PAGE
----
Many GPs were unaware of a recent announcement by Public Health England regarding the poor performance of existing flu vaccines in the most recent flu season (2016/17), research by medeConnect has revealed.

The research of more than 1,000 GPs found that nearly nine-tenths of GPs interviewed had “no concerns around the current influenza vaccines used in patients aged 65 and over”, despite a statement made by Public Health England in August 2017 reporting that in the 2016-17 flu season existing flu vaccines showed little efficacy in protecting elderly patients against flu.

The Joint Committee on Vaccination and Immunisation (JCVI) – which advises UK health departments on vaccination policies - stated in their October 2017 Meeting Minute that an analysis of influenza data spanning 2005-17 showed that, over a decade of flu seasons dominated by A(H3N2) strains, existing non-adjuvanted influenza vaccines demonstrated little or no efficacy in the 75+ age-group, and only limited efficacy in the 65-74 years age group. It has been estimated that between 7,000 and 25,000 deaths were associated with influenza in the winter periods 1999-2009, with the mortality burden highest among the over 75 age group.

Nearly two-thirds of the GPs surveyed felt it was important for their elderly patients to be protected against flu, clearly demonstrating GPs’ concern about the risks of flu infection in this age-group; But only 1 out of 10 GPs expressed any specific concerns about the existing flu vaccines currently used in patients aged 65 years and over. Of those GPs who expressed concerns, the great majority were worried about efficacy – correctly, as PHE analyses have shown this to be poor.

The survey showed that there was a low awareness amongst GPs regarding the availability of a new adjuvanted flu vaccine, which the JCVI states has been shown to be work better than nonadjuvanted vaccines in the 65+ population, and which is available to order for use in the 2018-19 flu season. This new vaccine, called FLUAD, aims to address the disappointingly low efficacy issues seen with current flu vaccines in these older patients. The JCVI has said that the use of this adjuvanted vaccine in those aged 65 years and over “would be both more effective than the non adjuvanted vaccines currently in use, and also cost-effective.”

Public Health England and the Welsh Chief Medical Officer (CMO) have responded rapidly to the JCVI guidance, in the former case by revising the Green Book chapter on influenza, and in the latter case issuing a Welsh Health Circular on the 29th of November to all GPs in Wales. The Circular states that the “adjuvanted trivalent vaccine is cost effective when administered to those aged 65 to 74 years” and that “the adjuvanted trivalent vaccine [aTIV] is the only clinically effective and cost effective option for those aged over 75 years.”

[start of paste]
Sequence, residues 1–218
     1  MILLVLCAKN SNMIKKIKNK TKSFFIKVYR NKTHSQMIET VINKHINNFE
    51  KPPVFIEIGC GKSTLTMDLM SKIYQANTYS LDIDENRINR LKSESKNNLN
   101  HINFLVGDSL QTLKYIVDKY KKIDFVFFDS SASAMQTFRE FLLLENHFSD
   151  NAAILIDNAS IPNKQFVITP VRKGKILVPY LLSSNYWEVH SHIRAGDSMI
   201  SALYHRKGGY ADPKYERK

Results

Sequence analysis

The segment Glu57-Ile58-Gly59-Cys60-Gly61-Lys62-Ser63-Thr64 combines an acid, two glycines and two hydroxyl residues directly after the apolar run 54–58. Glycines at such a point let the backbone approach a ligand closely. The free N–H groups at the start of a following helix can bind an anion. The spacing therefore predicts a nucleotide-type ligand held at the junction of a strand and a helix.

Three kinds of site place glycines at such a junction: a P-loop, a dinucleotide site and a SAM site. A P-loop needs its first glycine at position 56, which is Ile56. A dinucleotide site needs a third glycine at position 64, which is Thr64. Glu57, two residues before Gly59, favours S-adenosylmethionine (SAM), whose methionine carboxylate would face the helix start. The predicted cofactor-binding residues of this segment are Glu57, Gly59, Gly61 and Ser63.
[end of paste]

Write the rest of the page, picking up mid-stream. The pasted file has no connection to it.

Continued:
The revised Green Book entry on influenza vaccines states:

“Given the low influenza vaccine effectiveness seen in the over 65 year olds in seasons dominated by A(H3N2), the Committee agreed that use of aTIV in those aged 65 years and over would be both more effective and cost-effective than the non adjuvanted vaccines currently in use. JCVI also agreed that the priority for adjuvanted vaccine should be for those aged 75 years and above as this age group appear to derive little benefit from the non-adjuvanted vaccine (JCVI, October 2017).”

Dr George Kassianos, GP and immunisation expert, said: “Public Health England’s findings, the JCVI’s guidance, and these survey results are all unsurprising to me. The current, but historicallyanomalous, approach to influenza vaccination places an unfair and unnecessary burden on GPs, forcing them to proactively follow all issues relating to flu vaccines. I welcome the fact that the JCVI has provided strong guidance for GPs on which HPV or MMR vaccine to use. Nonetheless, in view of the enormous workload pressures currently upon GPs and their practices, GPs are expected to keep on top of all the flu vaccine effectiveness data and make their own judgements on flu vaccines.

“Given the myriad of other responsibilities faced by GPs, this is unreasonable. While the guidance in the revised Green Book is welcome, we would like to see the health authorities in England follow the Welsh CMO’s example and give direct guidance to GP practices and pharmacists as to the specific vaccines recommended by the JCVI for specific ages for the next influenza season.”

Dr Jonathan Liu, Medical Director, Seqirus UK, said: “Evidently, there is a clear need to provide better protection for patients aged 65 years and over against influenza infection, which can in too many cases be deadly. In England, normally national guidance to GPs is only issued in the Spring prior to the forthcoming flu season via an annual “Flu Letter”, but unfortunately, this is actually several months after most GPs have already placed their orders. While we welcome the JCVI guidance and the newly updated Green Book Chapter 19, GPs urgently need further support from health authorities to make a fully-informed choice about which vaccine actually is the best option for their patients. Our older patients really do need better protection from influenza, and any step working towards that, such as the clear advice issued directly to all GPs in Wales by the Welsh CMO, would be extremely welcome for the rest of the nations of the UK.”